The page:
There are waterfalls including the awesome Dettifoss, the most powerful in Europe. The tour includes, weather permitting, a 4 hour whale watching cruise sailing from Húsavík, aboard Iceland´s only schooner.
Lots to see but little to carry, as the tour bus will convey your luggage. Accommodation is provided in hotels with private facilities. The hotels used on tour are often “summer hotels” used most of the year as boarding schools or country hotels which are simple and clean.
Day 1: Reykjavík-Gullfoss-Geysir-Skaftafell
The day starts with a drive over Hellisheiði mountain to the greenhouse village of Hveragerði. Then on through the southern farmlands to the famous Geysir area. Geysir, the word meaning “the one who spouts/erupts” is used internationally for spouting hot springs, found only in few countries of the world, but in icelandic it is the name of our largest geysir. In the area you will find the geysir Strokkur that spouts every 5-10 minutes. The old Geysir has turned down its acitivity and does not spout that regularly any longer, but he is there to be admired. We go for a walk through the geothermal area. Continue to the edge of the highlands to visit Gullfoss (the golden waterfall) one of Iceland´s favourite waterfalls. Falling 32 meters into Hvítárgljúfur (the White River canyon) after a journey of 30 km from the glacier Langjökull (the long glacier) you will see why Icelanders call it the Golden Waterfall.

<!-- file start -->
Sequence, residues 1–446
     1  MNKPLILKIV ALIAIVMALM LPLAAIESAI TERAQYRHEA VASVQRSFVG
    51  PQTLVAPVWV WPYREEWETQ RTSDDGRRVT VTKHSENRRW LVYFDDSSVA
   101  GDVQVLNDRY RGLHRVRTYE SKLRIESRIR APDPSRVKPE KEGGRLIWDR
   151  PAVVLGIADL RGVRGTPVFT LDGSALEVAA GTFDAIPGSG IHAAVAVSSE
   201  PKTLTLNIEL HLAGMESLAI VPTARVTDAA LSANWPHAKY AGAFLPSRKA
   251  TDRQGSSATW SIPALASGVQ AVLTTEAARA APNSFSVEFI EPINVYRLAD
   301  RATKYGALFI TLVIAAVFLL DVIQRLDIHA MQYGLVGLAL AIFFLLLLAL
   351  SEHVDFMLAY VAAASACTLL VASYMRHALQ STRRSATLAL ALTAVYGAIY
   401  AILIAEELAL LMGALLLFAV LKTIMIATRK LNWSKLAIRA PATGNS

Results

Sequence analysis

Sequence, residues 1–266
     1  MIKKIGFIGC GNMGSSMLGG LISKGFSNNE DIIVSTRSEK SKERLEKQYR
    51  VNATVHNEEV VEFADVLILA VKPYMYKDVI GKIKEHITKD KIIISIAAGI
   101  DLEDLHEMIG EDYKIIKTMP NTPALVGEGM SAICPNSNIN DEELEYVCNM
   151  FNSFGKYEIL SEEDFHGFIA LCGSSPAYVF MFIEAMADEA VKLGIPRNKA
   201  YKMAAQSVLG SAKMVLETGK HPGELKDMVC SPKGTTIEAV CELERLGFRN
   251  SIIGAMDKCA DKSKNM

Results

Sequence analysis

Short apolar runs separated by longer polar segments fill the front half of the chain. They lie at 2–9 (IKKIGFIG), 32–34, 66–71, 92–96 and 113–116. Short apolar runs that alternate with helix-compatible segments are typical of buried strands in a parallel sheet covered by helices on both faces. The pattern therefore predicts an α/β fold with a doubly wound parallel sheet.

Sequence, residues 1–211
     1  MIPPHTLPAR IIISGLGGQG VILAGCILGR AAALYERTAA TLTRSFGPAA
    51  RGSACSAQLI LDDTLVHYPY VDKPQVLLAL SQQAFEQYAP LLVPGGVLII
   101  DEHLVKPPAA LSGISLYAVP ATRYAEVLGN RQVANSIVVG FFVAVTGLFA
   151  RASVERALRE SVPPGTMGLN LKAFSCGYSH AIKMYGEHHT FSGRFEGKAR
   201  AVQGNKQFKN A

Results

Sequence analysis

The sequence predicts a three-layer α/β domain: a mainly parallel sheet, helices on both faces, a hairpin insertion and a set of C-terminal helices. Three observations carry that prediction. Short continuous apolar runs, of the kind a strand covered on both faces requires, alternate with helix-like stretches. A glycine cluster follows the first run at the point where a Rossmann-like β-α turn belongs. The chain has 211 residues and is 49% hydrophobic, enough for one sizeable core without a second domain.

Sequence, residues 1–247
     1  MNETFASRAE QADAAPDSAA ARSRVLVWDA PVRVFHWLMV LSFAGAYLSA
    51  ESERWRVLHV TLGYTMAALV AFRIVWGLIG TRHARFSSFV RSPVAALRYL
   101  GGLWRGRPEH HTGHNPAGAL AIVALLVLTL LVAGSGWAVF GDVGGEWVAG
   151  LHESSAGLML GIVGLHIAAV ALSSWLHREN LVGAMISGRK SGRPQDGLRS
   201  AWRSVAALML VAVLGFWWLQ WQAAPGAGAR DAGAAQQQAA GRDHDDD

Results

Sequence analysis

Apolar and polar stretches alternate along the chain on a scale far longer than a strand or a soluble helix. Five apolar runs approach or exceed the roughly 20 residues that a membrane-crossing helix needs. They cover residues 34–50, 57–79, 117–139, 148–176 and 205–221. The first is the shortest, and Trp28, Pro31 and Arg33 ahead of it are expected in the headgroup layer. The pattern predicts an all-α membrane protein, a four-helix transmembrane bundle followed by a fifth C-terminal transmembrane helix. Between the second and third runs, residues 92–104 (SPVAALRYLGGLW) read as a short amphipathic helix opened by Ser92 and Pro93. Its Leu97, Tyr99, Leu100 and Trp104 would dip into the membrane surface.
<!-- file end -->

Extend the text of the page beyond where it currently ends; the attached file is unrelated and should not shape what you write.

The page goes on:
We continue through the biggest agricultural area in Iceland, the south lowlands with stops at the waterfalls Seljalandsfoss and Skógafoss. We pass the village of Vík and drive through the black sands of Mýrdalsjökull and through the lava fields of Eldhraun (Fire Lava) resulted from a yearlong eruption in 1783 before arriving a the small village of Kirkjubæjarklaustur. From there we continue across Skeiðarársandur with a dominating view of the glacier Vatnajökull and also, Mount Öræfajökull the highest peak in Iceland, 2119 m. We overnight for the next 2 nights in the neighbourhood of the Skaftafell National Park.